48 patients were assessed using three special tests, the 'Hook test', Passive Forearm Pronation (PFP) , and the Biceps Crease Interval (BCI) to determine distal biceps tendon injury. Comparisons made with intra operative findings and/ or MRI or USProspective Cohort Study (Diagnosis) (L2)Sensitivity and specificity for each individual special test and when combinedHook - sensitivity- 81% (8 false negatives) specificity - 100% PFP - sensitivity - 95% (2 false negatives), 100% specificty BCI - 88% (5 false negatives), 50% specificty Combined in unequivical (n=35) 100% sensitivity, 100% specificityFailed to include inter-rater reliability of each special test No sample size estimates Fails to identify if MRI or US is used for equivocal findings No discussion of Ultrasound specificity/ sensitivity in detection of DBTR despite its use No individual case data on time from injury to clinic assessment although range is included
ElMaraghy, A, Devereaux, M
17 patients with suspected DBTR were assessed using the Hook test, PFP, BCI, and Bicipital aponeurosis flex test (BAFT) and compared with intraoperative findings.Retrospective Cohort Study (Diagnosis)(L2) Sensitivity, Specificity and diagnostic accuracy of the BAFT in detecting bicipital aponeurosis rupture. Findings reviewed in relation to Hook test findings.Sensitivty - 100%, 90% specificity, overall diagnostic accuracy - 94% Hook test - 3 of 8 patients displayed false negativeNo data on intra and inter tester reliability. Partial data collection is not included Fails to acknowledge complexity of clinical manoeuvre Small sample Bold narrative on surgical repair technique documented but unrelated to study aim/ findings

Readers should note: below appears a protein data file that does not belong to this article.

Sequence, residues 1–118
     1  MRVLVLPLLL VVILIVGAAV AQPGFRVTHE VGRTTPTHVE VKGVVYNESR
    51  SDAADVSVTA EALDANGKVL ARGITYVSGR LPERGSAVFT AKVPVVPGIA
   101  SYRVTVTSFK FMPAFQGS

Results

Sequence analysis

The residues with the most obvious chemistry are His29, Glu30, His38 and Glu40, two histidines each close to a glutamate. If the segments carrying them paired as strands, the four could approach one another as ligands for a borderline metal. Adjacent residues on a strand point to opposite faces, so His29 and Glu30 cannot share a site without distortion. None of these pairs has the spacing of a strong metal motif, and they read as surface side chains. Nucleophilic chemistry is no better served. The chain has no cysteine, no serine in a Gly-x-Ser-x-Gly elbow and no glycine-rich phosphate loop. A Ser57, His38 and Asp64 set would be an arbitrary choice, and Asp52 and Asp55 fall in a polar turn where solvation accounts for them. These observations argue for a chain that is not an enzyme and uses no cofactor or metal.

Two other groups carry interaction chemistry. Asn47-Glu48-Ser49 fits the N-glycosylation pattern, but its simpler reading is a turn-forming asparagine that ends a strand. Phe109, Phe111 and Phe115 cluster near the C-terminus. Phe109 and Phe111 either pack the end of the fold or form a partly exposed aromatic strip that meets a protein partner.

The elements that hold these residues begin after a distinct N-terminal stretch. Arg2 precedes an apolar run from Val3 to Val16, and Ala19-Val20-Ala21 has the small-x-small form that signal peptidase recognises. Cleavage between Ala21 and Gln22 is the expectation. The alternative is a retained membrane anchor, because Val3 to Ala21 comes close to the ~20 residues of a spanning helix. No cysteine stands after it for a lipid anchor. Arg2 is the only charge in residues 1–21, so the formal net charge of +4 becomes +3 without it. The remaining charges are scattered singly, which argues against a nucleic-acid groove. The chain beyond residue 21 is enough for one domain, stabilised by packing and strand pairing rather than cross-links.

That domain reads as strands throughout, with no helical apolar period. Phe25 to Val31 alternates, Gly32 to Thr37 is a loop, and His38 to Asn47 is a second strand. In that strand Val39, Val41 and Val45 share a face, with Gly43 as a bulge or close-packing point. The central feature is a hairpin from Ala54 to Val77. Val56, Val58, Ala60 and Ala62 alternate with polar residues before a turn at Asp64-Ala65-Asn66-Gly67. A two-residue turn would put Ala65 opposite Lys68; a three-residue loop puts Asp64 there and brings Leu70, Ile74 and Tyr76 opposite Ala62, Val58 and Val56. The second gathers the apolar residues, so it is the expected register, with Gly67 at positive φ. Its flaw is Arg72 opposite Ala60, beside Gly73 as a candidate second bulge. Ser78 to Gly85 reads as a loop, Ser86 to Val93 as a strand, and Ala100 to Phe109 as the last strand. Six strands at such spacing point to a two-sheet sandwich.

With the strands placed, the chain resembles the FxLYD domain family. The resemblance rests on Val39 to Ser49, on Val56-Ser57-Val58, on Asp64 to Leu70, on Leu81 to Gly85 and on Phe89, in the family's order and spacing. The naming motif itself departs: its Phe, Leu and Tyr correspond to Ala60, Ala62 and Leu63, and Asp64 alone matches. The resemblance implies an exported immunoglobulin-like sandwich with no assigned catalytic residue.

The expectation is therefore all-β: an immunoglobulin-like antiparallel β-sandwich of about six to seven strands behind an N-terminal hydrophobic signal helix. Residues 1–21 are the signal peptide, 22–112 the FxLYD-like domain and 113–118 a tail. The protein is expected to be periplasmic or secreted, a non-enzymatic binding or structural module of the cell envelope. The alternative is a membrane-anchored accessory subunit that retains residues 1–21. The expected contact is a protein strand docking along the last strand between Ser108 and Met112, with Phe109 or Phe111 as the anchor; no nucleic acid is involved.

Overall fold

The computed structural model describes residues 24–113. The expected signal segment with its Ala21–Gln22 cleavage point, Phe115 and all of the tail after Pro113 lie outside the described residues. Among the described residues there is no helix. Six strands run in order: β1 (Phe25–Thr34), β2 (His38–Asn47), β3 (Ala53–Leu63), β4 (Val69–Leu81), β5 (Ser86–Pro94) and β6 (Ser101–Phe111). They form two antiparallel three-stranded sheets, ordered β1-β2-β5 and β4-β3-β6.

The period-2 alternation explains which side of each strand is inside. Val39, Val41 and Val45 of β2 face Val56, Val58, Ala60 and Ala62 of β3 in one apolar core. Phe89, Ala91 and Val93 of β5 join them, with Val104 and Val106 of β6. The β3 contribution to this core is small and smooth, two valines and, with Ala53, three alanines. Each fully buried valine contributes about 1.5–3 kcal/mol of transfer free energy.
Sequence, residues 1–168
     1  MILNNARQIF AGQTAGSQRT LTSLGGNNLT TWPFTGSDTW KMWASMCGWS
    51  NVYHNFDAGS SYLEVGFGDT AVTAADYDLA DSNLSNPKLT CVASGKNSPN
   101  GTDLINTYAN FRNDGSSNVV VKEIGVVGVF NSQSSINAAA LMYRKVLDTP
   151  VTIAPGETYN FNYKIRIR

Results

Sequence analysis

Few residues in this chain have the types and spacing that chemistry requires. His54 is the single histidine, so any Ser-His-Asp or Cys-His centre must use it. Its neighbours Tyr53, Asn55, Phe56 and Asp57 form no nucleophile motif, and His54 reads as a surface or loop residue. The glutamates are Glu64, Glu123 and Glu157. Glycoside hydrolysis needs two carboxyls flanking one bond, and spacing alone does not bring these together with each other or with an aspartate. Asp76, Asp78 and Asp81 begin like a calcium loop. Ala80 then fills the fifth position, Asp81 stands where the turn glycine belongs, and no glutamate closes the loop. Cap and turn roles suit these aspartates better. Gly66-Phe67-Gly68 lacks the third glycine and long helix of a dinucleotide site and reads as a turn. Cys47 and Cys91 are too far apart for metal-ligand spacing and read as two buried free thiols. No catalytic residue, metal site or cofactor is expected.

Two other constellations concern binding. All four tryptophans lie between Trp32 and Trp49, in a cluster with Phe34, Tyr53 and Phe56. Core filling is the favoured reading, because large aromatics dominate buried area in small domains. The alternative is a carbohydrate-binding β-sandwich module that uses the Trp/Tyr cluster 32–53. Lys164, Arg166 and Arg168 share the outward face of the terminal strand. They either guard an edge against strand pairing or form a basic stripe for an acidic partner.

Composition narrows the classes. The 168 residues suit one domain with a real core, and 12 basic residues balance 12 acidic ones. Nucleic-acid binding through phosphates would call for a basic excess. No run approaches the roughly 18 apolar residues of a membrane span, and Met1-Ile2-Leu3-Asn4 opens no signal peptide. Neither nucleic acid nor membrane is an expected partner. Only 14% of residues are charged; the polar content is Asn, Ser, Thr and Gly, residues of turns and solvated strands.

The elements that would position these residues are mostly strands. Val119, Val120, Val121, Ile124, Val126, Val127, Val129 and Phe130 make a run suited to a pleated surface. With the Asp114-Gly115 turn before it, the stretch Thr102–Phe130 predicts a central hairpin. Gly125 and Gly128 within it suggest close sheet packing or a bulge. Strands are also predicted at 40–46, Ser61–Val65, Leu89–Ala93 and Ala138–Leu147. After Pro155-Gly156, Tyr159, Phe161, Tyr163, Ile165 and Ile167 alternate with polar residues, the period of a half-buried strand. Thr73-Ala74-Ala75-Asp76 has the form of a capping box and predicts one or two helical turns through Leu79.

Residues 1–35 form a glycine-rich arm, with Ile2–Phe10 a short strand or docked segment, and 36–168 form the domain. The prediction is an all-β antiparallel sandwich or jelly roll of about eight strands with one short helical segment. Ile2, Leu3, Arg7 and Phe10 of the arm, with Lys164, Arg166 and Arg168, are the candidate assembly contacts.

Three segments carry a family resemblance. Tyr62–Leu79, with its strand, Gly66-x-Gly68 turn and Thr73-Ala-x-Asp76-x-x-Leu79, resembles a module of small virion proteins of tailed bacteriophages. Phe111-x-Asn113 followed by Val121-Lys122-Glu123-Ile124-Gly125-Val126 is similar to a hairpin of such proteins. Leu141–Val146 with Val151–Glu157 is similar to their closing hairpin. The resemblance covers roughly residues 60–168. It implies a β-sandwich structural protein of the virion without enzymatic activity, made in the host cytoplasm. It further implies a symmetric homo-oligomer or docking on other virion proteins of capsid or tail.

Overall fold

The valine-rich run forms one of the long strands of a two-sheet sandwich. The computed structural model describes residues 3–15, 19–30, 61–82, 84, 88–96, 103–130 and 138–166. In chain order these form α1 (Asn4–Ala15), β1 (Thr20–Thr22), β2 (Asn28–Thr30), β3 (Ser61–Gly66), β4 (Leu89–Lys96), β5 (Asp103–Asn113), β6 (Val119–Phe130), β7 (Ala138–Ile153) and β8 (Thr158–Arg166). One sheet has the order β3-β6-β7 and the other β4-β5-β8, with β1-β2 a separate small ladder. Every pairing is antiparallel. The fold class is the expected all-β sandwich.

Pallante, GD, O'Driscoll, SW
57 repairs (56 patients) who had undergone surgical DBT repair for partial tear, complete rupture, and revision repair were routinely assessed using the Hook test to determine DB integrity at 6 weeks, 3-4 month and one year post procedureRetrospective Cohort Study (Diagnosis) (L3)Time to return an intact Hook Test post DBTR repair51/57 repairs returned an 'intact' hook test by a mean of 10 weeks post surgerySpecificity and sensitivity of modified Hook test not documented No confirmatory MRI of which to compare 'intact' Hook test findings. Resisted testing is suggested to indicate partial tear or tendinosis but this is not confirmed with evidence Single assessor reduces generalisability